Another interesting element within the concept of quality is the “wow” effect. Quality delivers to the customer not only what he wants, but also what he never imagined he wanted –and that once he has it, he realizes that this product was exactly what he always had wanted. However this is still a very subjective judgment. In today’s world, companies are still struggling to be consistent in meeting basic customer needs.

Other definitions from recognized organizations and experts in the world of quality are:

  • Quality is the degree to which an object or entity (e.g., process, product, or service) satisfies a specified set of attributes or requirements.
  • The quality of something can be determined by comparing a set of inherent characteristics with a set of requirements. If those inherent characteristics meet all requirements, high or excellent quality is achieved. If those characteristics do not meet all requirements, a low or poor level of quality is achieved.
  • Quality is the degree to which a set of inherent characteristics fulfils requirements.
  • A subjective term for which each person or sector has its own definition. In technical usage, quality can have two meanings: 1. the characteristics of a product or service that bear on its ability to satisfy stated or implied needs; 2. a product or service free of deficiencies. According to Joseph Juran, quality means “fitness for use”. According to Philip Crosby, it means “conformance to requirements”. [i]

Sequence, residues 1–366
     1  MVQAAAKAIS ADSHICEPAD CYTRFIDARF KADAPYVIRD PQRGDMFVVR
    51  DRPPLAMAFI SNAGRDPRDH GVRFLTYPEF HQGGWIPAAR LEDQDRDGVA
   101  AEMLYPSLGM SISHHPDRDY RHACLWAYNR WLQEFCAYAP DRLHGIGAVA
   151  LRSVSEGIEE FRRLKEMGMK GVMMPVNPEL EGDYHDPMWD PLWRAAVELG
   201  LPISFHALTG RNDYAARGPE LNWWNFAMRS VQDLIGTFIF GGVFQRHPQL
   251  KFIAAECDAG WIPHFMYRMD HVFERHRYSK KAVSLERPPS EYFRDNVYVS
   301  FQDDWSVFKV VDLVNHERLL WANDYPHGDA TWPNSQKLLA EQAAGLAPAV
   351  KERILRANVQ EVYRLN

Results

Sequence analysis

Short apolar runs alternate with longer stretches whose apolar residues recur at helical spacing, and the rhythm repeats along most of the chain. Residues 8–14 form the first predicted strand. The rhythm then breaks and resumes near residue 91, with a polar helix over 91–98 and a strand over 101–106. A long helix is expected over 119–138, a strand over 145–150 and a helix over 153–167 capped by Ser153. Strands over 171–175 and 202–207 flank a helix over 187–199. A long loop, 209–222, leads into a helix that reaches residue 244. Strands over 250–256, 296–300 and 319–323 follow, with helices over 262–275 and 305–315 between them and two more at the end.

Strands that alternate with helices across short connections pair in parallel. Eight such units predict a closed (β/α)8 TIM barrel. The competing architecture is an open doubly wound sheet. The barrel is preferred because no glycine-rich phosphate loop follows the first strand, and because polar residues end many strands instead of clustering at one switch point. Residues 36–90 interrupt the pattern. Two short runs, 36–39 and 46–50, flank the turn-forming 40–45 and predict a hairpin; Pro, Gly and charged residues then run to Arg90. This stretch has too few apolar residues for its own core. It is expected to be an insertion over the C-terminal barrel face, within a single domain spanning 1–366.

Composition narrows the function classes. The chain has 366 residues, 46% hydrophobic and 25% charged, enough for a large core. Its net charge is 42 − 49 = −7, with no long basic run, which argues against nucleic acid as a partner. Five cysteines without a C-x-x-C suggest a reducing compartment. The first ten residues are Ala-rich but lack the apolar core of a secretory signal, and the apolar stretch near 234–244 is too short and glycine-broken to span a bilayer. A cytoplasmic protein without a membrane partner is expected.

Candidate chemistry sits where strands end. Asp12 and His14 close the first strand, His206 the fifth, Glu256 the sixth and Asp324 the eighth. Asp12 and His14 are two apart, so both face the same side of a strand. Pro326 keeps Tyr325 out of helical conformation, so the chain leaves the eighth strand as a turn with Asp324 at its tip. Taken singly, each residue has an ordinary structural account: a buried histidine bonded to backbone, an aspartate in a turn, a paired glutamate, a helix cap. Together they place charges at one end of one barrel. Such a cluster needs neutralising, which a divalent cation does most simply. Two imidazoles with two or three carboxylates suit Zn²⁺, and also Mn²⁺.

In the end, quality is an outcome, a characteristic of a good or service provided to a customer, and the hallmark of an organization which has satisfied all of its stakeholders. Customer requirements are the core ideal behind all quality definitions.

Other factors related to quality are: exact and desired amount of product to be manufactured and offered; pace ​​of product distribution; speed of customer service; appropriate pricing in line with supply and demand pressures; degree of accuracy with which a product is manufactured concerning its design; ease of use and safety; reliability; impact the product has on the society and the environment, etc.

The customer as the new target

Today, there is also a trend in quality placing the customer as playing an active role when rating the quality of a product. This trend aims to create a standard based on customers’ opinion. The quality of a good or service is not determined only by purely objective parameters but also includes the views of a customer using a given product or service.

As we can see, quality is a complex concept interrelated with many other disciplines from engineering, economy, environment through human relations. In the next article in this 3-part series we will see how quality is measured depending on its context and briefly introduce some of the most popular quality management systems.

Sources

[i] EU Quality Assurance : http://www.eqavet.eu/qa/gns/glossary/q/quality.aspx

International Organization for Standardization ISO http://www.iso.org/iso/home/standards/management-standards/iso_9000.htm

Institut fédéral de métrologie (METAS) http://www.metas.ch/metasweb

European Committee for Standardization (CEN) https://www.cen.eu/about/Pages/default.aspx

EU Quality Assurance http://www.eqavet.eu/

American Society for Quality (ASQ) http://asq.org/index.aspx

Wikipedia http://en.wikipedia.org/wiki/Quality_(business)

Photo credit: Toyota UK via photopin cc